Setting boundaries is something we social workers often teach their clients – it’s good to practice what we preach! Setting boundaries early in a relationship is very important, as you establish respect for yourself, acknowledge your limits, and pay homage to your values.
Setting boundaries early in a relationship is great to let incredibly needy people (not just clients) know that there are things that you will and will not tolerate. It also saves you from being taken advantage of.
Set boundaries, early and often, for better professional performance, relationships, and self-worth.
Know Thyself: Your Needs and your Values
Take Ownership of Your Needs
I-Statements are very helpful in taking ownership of your needs and values.A simple exercise is stating to yourself, “I deserve…”, “I want…”, “I need…”, “I want feel…”.
- I really need space right now.
- I don’t feel comfortable with ___________.
- I feel __________ when I am subjected to ____________.
My best advice is to avoid using “you”. Imagine someone saying to you:
- You are violating my space.
- You make me feel uncomfortable when you ____________.
- You ________ me when you ___________.
Be Aware of Your Values
What are your most important values? Some may include: family, academics, friendship, loyalty, respect, dignity, honesty, the golden rule, faith or religion, etc.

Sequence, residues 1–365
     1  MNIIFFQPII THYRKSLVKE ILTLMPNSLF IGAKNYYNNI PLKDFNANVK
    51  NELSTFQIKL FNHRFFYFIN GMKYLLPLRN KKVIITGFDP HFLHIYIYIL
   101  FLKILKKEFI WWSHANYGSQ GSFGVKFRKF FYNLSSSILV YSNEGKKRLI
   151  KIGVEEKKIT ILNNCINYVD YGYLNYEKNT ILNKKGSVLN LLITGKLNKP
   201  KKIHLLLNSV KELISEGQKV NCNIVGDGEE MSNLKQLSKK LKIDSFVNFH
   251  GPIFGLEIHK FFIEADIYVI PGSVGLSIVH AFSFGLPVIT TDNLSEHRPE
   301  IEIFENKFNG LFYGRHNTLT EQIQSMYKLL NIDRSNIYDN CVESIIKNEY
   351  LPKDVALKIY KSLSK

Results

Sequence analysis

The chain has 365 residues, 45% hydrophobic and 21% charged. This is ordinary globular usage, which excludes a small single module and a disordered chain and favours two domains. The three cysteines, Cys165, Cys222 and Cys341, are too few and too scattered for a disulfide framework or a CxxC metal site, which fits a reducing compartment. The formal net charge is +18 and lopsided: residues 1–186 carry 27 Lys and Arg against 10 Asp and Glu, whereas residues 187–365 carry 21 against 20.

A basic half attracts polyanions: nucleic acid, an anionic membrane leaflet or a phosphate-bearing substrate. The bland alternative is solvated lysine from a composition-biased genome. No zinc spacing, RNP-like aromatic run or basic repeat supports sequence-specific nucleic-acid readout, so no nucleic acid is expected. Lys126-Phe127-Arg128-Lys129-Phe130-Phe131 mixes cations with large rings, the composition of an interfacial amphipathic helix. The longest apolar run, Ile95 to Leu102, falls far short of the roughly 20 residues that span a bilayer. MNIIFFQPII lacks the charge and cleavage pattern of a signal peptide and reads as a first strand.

Be aware that these values will conflict, causing grief, agita, and the possibility of ethical dilemmas.
The Core of Boundary Setting
At the same time, boundaries can also be set using I-statements such as “I do not deserve…”, “I do not want…”, “I do not need…”, “I do not want to feel…”
Be Firm, Fair, and Consistent
Being firm, fair, and consistent is the best way to go about setting boundaries with your clients, colleagues, and other associates.
Being firm simply means that you hold strong to your needs, beliefs, or values. It also means communicating your need in a manner that can be understood without question.
There can be several interpretations to being fair. First, be fair to yourself and your own needs. Be fair to others without compromising on what is best for you. Accommodate everyone in the same manner, but if possible, try to meet people where they are at.
Nip a boundary violation in the bud as soon as it happens; be equitable with the boundary-setting with the different personalities you encounter.
Put Your Needs First
A lot of people confuse putting your own needs first with being selfish or greedy. Imagine what your life would be like if things you needed were taken away from you, violated, or constantly trashed. Putting your needs first means having better control.
Have Realistic Expectations
Your expectations (for yourself and others) may need time to be defined and clarified. The cognitive dance that is done in your mind between what you want, what you need, and the other emotions present may need time to resolve.
There are times when your needs (e.g. Saturdays to yourself for family time) are not feasible; graduate school is hard and often requires sacrifice of your time, money, sleep, sanity, blood, and tears. Making tough choices is a necessary task, especially for a long-term gain.
Your needs and values are real, so putting yourself first, when setting boundaries should feel right.